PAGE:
Tuesday, April 23, 2013

Terrorism Through the Eyes of a Dog

Trey Smith

Let's say that you have dog owners who live on either side of your home. The dog owner on your left is an abusive man who frequently beats his dog with a chain. One day, in a fit of rage, he beats the dog to death. The dog owner on your right is a negligent man who completely ignores his dog. He rarely feeds or provides water for it. One day, due to malnutrition and dehydration, the dog dies.

From the perspective of dogs, which man is worse? The abuser or the one who neglects?

It's hard to say because, in the end, both dogs suffer horrible and agonizing deaths.

A lot of people will point the finger at the abusive man. They will say that he terrorized the poor pooch. The dog never knew when the next whip of the chain would come, but became fearful anytime he heard the footsteps of his owner.

I would argue that the neglected canine was terrorized as well. She was terrorized by her owner's lack of concern. Unlike the other dog, she would grow excited when she heard the footsteps of her owner, only to be crestfallen each time he walked away as if she didn't even exist. Her terror was derived from the fact that her needs were deemed wholly unimportant.

I mention these sad scenarios as a way to get you to think about how we humans conceptualize the term, terrorism. The common understanding is that terrorism involves individuals or groups -- foreign or domestic -- that violently attack innocent people, particularly Americans. If a bomb goes off in a crowd or an airplane purposely is flown into a building, we instantaneously know that this constitutes an act of terrorism. These acts are undertaken to further some sort of political and/or religious agenda.

It is strange that we don't consider acts to be a form of terrorism if they involve an economic agenda. Going back to a point I hinted at on Sunday in the post, 14 - 3, most people consider what happened in Boston to be terrorism, but not what happened in West, Texas. Boston was akin to the abusive dog owner, while Texas was akin to the neglectful dog owner.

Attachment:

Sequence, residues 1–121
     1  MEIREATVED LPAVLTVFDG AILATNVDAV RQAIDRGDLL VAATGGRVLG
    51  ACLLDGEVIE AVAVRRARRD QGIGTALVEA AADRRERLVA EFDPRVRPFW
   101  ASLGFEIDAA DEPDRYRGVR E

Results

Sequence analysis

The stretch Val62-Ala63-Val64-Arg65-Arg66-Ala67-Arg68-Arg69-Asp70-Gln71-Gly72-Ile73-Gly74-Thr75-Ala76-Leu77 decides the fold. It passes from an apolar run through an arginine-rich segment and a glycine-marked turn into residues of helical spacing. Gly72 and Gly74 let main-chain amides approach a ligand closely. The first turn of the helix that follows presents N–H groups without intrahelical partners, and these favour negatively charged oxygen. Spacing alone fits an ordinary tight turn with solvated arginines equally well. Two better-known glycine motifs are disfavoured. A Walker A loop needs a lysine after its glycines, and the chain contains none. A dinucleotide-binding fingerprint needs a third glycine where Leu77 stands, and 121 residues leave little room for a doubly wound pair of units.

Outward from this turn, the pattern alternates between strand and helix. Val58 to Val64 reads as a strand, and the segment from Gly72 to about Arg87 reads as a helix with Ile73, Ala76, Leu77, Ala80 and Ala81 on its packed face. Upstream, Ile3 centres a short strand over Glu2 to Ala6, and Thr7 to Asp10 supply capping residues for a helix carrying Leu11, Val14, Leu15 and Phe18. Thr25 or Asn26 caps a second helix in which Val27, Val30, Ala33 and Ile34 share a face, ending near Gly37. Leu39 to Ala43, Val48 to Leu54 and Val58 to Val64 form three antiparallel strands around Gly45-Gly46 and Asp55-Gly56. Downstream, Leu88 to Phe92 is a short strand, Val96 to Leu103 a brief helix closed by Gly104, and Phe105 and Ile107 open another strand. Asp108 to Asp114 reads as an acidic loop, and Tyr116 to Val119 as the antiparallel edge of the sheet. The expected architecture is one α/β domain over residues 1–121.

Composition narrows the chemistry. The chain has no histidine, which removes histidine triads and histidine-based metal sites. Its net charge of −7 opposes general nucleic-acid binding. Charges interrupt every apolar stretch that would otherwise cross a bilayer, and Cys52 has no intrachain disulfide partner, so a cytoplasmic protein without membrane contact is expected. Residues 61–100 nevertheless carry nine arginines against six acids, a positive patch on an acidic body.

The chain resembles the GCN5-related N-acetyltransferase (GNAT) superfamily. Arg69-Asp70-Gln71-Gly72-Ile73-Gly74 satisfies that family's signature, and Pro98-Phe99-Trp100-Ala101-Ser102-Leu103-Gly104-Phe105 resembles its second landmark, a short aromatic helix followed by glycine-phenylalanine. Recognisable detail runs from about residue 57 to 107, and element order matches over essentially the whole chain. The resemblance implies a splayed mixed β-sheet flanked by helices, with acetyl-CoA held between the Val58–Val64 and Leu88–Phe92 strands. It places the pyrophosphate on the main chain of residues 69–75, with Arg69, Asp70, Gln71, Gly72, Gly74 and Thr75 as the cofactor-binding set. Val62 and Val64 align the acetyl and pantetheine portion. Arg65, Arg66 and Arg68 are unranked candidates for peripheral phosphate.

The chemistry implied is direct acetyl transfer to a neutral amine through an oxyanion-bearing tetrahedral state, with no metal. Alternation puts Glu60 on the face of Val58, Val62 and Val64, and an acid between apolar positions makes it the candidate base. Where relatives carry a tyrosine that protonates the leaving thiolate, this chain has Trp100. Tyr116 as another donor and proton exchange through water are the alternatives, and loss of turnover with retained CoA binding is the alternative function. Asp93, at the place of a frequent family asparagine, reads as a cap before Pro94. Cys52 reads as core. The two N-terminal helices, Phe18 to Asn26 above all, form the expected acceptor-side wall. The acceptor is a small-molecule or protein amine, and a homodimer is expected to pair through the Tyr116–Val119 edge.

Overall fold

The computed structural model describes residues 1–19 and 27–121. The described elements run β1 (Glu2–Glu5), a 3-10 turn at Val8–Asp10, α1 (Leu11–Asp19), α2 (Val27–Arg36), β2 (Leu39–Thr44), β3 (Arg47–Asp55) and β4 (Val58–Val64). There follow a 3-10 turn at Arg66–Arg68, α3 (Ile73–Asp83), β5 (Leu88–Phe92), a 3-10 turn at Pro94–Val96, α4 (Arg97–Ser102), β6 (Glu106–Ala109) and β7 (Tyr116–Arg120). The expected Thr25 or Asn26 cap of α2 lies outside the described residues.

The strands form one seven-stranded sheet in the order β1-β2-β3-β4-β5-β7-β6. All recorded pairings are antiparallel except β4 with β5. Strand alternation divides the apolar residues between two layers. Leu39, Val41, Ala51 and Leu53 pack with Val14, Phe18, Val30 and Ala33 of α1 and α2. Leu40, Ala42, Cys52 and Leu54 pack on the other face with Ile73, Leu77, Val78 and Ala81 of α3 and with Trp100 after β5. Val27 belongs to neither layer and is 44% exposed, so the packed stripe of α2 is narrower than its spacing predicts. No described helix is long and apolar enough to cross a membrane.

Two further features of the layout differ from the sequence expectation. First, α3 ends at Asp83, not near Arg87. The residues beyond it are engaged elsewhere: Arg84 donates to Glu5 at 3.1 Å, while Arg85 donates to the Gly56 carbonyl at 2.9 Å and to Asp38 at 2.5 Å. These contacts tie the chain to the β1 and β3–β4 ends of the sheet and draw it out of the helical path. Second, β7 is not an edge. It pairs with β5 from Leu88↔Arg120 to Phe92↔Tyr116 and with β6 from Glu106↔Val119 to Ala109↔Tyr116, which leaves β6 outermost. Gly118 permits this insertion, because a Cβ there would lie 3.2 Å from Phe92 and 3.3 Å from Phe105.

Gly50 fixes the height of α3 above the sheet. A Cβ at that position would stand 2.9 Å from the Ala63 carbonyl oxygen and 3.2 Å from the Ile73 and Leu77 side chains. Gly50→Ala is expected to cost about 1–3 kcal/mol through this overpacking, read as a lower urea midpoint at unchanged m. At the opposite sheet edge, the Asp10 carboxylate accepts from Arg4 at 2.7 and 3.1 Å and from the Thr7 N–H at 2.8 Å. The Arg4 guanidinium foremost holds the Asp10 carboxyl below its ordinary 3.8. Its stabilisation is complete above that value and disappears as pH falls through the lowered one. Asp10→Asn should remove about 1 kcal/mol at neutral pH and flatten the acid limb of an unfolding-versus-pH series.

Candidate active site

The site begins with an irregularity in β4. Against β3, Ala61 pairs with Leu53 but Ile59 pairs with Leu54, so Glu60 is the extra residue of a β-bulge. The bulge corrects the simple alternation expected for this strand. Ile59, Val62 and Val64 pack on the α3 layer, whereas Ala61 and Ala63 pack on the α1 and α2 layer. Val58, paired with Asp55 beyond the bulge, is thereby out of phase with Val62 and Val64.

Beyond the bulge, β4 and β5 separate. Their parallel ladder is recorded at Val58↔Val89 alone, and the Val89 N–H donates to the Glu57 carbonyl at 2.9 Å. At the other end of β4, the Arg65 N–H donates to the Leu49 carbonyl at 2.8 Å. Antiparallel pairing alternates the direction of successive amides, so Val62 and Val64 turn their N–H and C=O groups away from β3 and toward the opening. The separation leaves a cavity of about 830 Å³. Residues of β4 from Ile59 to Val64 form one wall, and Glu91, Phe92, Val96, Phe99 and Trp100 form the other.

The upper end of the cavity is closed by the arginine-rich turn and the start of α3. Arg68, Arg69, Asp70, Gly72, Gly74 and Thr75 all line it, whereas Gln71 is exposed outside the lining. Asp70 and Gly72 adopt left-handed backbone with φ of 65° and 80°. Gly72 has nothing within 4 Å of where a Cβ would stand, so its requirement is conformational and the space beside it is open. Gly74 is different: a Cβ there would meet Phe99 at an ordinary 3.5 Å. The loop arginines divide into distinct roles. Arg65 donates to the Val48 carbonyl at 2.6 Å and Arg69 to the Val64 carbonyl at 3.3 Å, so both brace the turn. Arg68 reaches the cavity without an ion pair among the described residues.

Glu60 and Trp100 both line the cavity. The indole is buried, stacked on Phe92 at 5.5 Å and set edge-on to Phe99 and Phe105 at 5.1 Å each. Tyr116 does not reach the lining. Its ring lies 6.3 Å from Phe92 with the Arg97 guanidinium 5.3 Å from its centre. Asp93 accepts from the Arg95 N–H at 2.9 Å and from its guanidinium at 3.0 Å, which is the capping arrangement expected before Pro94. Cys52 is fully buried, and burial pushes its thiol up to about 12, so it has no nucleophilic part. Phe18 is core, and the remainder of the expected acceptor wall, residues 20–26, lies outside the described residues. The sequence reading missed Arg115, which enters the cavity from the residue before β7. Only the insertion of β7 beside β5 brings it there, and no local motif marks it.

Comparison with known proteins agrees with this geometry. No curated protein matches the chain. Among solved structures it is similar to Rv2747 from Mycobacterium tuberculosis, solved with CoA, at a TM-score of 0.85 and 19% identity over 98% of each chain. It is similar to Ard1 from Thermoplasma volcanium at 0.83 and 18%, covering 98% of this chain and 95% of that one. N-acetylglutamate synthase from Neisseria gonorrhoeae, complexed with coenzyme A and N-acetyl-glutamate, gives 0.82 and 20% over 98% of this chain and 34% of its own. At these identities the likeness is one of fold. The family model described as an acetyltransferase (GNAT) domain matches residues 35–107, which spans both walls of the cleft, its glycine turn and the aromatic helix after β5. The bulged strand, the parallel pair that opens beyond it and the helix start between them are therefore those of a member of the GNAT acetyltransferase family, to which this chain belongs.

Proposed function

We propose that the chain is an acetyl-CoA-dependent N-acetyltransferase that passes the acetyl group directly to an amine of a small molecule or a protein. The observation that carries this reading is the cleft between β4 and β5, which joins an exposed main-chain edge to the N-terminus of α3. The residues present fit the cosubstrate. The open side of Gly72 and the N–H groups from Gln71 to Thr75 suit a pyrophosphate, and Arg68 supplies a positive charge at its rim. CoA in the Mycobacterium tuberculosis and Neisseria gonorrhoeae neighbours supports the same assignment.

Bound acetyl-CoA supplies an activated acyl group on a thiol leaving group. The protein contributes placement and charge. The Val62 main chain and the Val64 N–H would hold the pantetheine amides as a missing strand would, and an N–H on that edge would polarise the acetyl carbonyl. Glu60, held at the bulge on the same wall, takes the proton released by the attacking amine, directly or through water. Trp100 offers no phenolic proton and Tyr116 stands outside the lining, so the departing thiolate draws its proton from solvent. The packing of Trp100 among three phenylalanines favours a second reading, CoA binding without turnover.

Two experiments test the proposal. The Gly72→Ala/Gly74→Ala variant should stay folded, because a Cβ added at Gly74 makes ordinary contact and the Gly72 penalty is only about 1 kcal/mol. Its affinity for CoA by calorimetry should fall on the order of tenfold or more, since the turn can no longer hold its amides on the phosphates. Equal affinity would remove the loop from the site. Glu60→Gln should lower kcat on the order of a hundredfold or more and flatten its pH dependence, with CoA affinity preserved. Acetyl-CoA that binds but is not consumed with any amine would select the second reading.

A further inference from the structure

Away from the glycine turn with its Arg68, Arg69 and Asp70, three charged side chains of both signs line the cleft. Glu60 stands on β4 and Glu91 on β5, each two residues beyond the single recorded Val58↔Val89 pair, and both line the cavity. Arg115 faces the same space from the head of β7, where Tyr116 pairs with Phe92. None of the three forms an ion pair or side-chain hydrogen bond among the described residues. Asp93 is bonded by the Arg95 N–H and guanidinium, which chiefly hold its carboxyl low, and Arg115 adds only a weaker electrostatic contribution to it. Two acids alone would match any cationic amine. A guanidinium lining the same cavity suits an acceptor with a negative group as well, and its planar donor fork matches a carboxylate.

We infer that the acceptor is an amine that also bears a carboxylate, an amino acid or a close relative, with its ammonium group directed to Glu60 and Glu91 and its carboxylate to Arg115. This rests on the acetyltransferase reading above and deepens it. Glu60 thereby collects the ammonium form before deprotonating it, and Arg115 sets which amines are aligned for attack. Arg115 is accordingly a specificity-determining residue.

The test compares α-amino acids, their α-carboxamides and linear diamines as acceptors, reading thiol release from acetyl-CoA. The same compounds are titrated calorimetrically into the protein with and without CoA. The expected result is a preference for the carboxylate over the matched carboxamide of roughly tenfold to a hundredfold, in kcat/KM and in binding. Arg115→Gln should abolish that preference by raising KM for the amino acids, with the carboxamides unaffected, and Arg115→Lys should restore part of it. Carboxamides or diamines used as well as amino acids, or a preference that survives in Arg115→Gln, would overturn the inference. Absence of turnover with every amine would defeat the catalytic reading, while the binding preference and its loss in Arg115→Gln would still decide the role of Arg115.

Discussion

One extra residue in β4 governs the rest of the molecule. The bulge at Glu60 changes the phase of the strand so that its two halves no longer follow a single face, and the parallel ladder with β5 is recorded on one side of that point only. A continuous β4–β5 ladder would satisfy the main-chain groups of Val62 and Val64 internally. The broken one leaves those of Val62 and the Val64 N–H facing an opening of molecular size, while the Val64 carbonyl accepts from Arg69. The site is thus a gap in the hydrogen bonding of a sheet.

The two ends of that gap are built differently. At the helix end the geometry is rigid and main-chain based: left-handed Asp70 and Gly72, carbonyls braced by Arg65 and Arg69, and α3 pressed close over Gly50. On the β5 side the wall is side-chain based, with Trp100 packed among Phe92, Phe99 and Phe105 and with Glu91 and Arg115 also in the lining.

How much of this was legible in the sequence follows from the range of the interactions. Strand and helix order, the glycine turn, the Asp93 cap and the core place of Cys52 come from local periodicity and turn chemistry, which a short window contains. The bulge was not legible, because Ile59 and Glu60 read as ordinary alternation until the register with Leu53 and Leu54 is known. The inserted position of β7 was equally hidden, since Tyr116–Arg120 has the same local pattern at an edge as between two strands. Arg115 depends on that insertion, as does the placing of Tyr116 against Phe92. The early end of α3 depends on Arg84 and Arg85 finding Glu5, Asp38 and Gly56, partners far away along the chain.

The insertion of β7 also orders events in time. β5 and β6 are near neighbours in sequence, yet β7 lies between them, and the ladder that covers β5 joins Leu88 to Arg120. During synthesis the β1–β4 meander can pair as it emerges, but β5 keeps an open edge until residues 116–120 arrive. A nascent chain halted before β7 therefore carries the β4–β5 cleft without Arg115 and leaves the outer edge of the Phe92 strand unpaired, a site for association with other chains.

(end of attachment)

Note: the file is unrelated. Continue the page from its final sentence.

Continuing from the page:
What most Americans continually fail to realize is that there are far more neglectful terrorists than there are violent ones and it is the former, not the latter, who pose the greatest threat to innocent people in these United States.

The difference between these two breeds is that the violent terrorists consciously mean to do harm, while the neglectful ones merely show a callous disregard for the health and safety of others. The results of their actions, though, are often the same. Dead is dead. Does it matter that one death comes from having your head blown off in an instant as opposed to a slow agonizing death from, say, cancer?

While I certainly do not disagree that we should take corrective actions to lessen the possibility of violent terrorism on US soil -- like ending our immoral drone campaign that needlessly slaughters innocent Muslims going about their everyday lives -- I firmly believe that far more attention should be focused on the corporate terrorists among us who place the health and safety of our communities far below their pursuit of the almighty dollar. It is the latter group of terrorists that senselessly kills and injures far more American residents than the former!!

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